The Washington PostDemocracy Dies in Darkness

Opinion The truth about many in the GOP base: They prefer authoritarianism to democracy

Insurrectionists loyal to President Donald Trump, one of whom is carrying a Confederate battle flag, inside the Capitol during the riot on Jan. 6. (Manuel Balce Ceneta/AP)
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We want to believe that goodwill can foster a return to less contentious and hyperpartisan times. But what if one side adopts noxious views antithetical to democracy — and, worse, rejects the basic premise of America?

We have witnessed Republicans’ reflexive defense of the disgraced former president’s illegal and corrupt conduct. We have observed that the majority of the party accepts the “big lie” of a stolen election and seeks to use that as a basis for suppressing the votes of minorities.

And we know that, once more, Senate Minority Leader Mitch McConnell (R-Ky.) has committed himself to one objective: the defeat and failure of a Democratic president.

In short, they have taken themselves outside the small-d democratic compact that requires, at the very least, that we respect election results and abide by normative guidelines in defeat or victory.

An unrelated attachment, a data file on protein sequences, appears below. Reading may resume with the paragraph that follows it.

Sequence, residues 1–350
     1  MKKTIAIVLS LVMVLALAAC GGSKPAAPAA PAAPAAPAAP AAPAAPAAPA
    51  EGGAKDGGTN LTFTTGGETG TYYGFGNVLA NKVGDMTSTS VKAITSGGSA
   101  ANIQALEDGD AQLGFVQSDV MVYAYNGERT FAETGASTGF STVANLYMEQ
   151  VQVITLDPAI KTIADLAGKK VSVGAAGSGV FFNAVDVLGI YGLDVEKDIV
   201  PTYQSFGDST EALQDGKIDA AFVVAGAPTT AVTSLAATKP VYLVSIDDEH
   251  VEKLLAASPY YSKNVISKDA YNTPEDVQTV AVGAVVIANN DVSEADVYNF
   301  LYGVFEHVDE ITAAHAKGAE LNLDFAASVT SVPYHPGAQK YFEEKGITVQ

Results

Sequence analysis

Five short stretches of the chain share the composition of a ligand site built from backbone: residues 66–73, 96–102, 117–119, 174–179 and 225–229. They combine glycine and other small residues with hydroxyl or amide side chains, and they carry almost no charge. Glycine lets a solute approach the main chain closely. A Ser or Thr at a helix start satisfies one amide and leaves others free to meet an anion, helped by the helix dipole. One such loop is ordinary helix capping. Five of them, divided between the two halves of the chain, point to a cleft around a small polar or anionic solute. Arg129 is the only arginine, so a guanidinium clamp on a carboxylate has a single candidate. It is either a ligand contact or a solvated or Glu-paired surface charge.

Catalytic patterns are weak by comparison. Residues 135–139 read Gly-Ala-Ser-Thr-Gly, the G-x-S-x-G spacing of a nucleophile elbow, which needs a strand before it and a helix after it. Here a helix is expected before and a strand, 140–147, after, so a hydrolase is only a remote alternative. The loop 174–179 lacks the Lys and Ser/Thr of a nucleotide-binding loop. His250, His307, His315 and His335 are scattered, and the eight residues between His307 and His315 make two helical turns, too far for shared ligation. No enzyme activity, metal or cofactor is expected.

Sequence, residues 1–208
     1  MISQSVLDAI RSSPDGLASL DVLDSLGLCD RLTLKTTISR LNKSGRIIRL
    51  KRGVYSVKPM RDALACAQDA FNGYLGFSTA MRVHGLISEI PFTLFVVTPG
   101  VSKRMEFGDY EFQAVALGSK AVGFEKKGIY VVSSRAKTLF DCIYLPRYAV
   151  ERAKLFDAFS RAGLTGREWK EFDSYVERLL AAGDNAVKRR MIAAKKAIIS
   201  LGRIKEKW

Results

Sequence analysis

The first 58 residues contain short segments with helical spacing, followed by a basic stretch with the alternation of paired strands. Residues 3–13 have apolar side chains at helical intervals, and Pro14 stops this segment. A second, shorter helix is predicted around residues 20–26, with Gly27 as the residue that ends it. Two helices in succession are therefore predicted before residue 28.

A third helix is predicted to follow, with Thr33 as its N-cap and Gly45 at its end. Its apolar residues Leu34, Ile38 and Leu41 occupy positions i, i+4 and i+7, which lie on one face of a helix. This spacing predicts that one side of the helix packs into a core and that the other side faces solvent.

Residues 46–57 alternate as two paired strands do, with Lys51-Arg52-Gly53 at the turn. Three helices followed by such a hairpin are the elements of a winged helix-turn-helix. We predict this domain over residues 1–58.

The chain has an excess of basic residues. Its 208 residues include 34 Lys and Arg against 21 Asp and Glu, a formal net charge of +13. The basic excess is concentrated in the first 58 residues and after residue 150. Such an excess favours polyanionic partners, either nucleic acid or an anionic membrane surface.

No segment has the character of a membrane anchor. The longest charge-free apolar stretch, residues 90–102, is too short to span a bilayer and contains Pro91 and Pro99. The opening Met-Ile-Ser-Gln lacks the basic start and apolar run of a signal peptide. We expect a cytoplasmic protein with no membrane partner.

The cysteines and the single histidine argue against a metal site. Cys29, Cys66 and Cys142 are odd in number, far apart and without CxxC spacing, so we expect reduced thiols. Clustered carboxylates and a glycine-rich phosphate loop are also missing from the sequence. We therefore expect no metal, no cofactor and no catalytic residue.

It would be somewhat reassuring to think this is a problem of Republican officials, donors and activists. Alas, the authoritarian temptation is luring millions of Americans away from the democratic experiment. “A scale measuring propensity toward right-wing authoritarian tendencies found right-leaning Americans scored higher than their counterparts in Australia, Canada and the United Kingdom,” a Morning Consult poll finds. “26% of the U.S. population qualified as highly right-wing authoritarian, Morning Consult research found, twice the share of the No. 2 countries, Canada and Australia.”

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This means that a large percentage of Republicans — that is, tens of millions of Americans — embrace an authoritarianism defined “as the desire to submit to some authority, aggression that is directed against whomever the authority says should be targeted and a desire to have everybody follow the norms and social conventions that the authority says should be followed.” This inclination to follow a demagogue and to reject democratic values is more pronounced than in other Western democracies.

More than six months after the 2020 presidential election, Arizona Senate Republicans are leading an audit of the 2.1 million ballots cast in Maricopa County. (Video: Erin Patrick O'Connor/The Washington Post)

The most authoritarian-inclined Americans tend to be over age 45, live in rural areas and don’t have a college degree. This is the profile of the GOP base, not coincidentally. It follows that many authoritarian-minded Americans are willing to abide by the cult of former president Donald Trump and reject rational analysis. They burrow within right-wing media, refusing to confront facts and views that contradict their philosophy.